1. What inspired you and your co-authors to write this book?

We primarily wanted to capture our thoughts when it came to connecting the various pieces within a management system, to bring out the dysfunctionality of organizations where these pieces are not connected, and to show the way toward creating a culture where systems thinking and behavior create lasting results.

We also wanted to create a dialog and ask people to reflect on their own management system in order to better integrate the pieces they put into play to achieve success. Since no two organizations are alike, there is no formula for what any one management system should look like, but we used our own experiences with policy deployment, TWI and kata to show how to create an integrated system of activities that permeate throughout an organization in order to drive improvement.

2. In Chapter One you describe how front line staff serve as Kata coaches to members of management as a way to develop coaches at all levels of the organization and as a way to flip the dynamics that titles often create. How did this practice  come about, and what are your recommendations to others how to use this practice in their organization?

This initial recommendation came from our friend Mark Rosenthal.  We realized that an individual needed to be a learner before they could be an effective coach and then ultimately a 2nd coach, regardless of their position in the overall organizational structure.  This tradition has continued, but just because someone is in the role of a coach or even 2nd coach doesn’t mean they cannot return to being a learner for a certain challenge.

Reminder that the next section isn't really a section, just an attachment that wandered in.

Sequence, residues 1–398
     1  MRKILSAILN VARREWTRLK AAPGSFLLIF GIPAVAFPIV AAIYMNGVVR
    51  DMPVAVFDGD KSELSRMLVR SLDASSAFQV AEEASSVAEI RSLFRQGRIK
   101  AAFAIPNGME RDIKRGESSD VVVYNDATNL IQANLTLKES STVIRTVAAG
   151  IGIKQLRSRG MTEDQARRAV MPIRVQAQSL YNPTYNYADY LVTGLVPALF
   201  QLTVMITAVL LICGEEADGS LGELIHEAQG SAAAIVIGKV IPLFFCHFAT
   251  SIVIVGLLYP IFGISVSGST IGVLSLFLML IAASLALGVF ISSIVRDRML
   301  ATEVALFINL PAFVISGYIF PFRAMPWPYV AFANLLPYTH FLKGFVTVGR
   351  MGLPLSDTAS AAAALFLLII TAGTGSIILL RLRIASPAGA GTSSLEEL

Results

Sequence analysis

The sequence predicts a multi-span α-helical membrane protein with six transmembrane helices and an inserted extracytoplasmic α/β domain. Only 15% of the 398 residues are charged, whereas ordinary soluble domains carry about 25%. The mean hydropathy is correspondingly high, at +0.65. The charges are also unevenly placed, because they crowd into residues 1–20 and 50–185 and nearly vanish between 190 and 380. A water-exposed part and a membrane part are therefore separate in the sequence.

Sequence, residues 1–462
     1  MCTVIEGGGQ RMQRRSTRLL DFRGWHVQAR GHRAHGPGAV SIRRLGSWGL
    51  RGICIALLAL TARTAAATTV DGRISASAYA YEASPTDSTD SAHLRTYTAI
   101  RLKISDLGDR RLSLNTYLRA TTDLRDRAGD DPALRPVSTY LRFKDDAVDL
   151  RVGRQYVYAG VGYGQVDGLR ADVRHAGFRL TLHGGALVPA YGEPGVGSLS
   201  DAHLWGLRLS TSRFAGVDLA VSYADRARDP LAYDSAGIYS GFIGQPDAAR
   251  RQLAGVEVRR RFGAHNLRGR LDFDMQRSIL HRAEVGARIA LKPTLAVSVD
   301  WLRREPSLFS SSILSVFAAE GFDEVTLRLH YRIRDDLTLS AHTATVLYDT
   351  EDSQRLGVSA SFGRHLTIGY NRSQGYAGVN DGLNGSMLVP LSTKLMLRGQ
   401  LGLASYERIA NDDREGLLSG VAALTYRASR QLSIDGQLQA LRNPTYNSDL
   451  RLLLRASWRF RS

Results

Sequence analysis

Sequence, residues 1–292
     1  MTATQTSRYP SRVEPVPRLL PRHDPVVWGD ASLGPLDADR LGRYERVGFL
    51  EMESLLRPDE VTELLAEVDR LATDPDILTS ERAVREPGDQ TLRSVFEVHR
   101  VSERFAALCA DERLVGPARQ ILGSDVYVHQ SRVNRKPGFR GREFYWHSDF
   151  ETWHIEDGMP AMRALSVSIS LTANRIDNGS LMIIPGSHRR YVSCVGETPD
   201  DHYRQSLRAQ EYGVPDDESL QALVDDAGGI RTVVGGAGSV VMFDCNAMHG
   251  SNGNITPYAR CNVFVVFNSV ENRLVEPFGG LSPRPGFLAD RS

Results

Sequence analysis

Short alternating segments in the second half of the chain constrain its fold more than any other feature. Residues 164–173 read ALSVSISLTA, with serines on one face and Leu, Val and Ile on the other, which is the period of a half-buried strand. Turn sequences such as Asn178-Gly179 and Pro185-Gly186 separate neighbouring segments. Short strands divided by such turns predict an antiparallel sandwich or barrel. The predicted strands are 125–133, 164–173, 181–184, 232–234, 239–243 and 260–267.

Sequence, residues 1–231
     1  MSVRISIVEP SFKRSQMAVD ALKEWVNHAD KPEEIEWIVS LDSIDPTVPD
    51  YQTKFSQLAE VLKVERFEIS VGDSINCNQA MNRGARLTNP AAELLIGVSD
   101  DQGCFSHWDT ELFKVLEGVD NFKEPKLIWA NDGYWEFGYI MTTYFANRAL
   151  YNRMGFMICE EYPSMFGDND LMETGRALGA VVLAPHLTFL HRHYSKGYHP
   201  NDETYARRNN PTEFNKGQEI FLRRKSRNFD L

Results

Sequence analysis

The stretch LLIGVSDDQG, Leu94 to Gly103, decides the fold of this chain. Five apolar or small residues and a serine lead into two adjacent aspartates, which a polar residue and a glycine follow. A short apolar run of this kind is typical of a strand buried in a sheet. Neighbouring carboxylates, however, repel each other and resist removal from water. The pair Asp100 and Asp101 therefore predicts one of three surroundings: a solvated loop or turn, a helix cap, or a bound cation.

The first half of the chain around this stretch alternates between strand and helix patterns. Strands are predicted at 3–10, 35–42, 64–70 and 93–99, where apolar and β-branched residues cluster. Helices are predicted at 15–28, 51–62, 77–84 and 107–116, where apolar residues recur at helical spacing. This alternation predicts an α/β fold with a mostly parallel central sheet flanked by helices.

Moreover, there is no reason to believe that management at all levels of the organization will not benefit from being coached by those with a different perspective.

The key to the practice, regardless of position or title, is that the coach is not charged with telling the learner how do their job, only to provide direction helping the learner navigate their way to their targets and challenges.

This “flipping” of the organizational dynamics creates mutual respect and understanding which is at the heart of developing strong relationships between all levels of the organization.

3. You write about how leading is a skill to be learned (Chapter 3). What is something that has been challenging for you personally to learn as a leader / coach? What helped you move towards better?

I am consistently wanting to be a better listener.  My consistent failures on this skill remind me daily that I need to listen more than I want to talk.  I also continue to research this subject as I try to practice on my family, friends, and colleagues.

[Note from Katie: for resources on how to be a better listener, check out my talk and article about “Getting Out of the Habit of Telling” from the Lean Summit 2018].

4. What is one thing that you learned through the process of writing the book?

It’s difficult to tie everything together or “connect the dots” so that you have something meaningful and helpful for the reader. We wanted to focus not on what programs and skills an organization puts into play but on how to effectively coordinate and use the programs that work for your particular organization. For that, we could only use examples of what programs we have experience using, but the focus should be more on “connecting the dots” and not simply what those dots should be.